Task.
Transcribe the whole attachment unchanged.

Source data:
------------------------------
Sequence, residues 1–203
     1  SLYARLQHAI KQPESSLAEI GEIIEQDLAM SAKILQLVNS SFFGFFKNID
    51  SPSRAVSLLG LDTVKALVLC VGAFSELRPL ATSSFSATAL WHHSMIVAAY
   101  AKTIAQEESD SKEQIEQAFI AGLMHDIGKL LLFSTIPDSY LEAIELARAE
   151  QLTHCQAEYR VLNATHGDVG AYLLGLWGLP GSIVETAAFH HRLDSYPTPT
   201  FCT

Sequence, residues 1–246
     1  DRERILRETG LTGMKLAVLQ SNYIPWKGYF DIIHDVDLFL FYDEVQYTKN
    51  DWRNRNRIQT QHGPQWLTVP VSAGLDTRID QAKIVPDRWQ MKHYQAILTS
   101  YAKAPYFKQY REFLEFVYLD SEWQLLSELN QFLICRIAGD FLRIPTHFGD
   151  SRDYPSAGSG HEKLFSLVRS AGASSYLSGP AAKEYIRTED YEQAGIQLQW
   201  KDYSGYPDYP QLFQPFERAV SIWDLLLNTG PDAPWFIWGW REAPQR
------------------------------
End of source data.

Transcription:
Sequence, residues 1–203
     1  SLYARLQHAI KQPESSLAEI GEIIEQDLAM SAKILQLVNS SFFGFFKNID
    51  SPSRAVSLLG LDTVKALVLC VGAFSELRPL ATSSFSATAL WHHSMIVAAY
   101  AKTIAQEESD SKEQIEQAFI AGLMHDIGKL LLFSTIPDSY LEAIELARAE
   151  QLTHCQAEYR VLNATHGDVG AYLLGLWGLP GSIVETAAFH HRLDSYPTPT
   201  FCT

Sequence, residues 1–246
     1  DRERILRETG LTGMKLAVLQ SNYIPWKGYF DIIHDVDLFL FYDEVQYTKN
    51  DWRNRNRIQT QHGPQWLTVP VSAGLDTRID QAKIVPDRWQ MKHYQAILTS
   101  YAKAPYFKQY REFLEFVYLD SEWQLLSELN QFLICRIAGD FLRIPTHFGD
   151  SRDYPSAGSG HEKLFSLVRS AGASSYLSGP AAKEYIRTED YEQAGIQLQW
   201  KDYSGYPDYP QLFQPFERAV SIWDLLLNTG PDAPWFIWGW REAPQR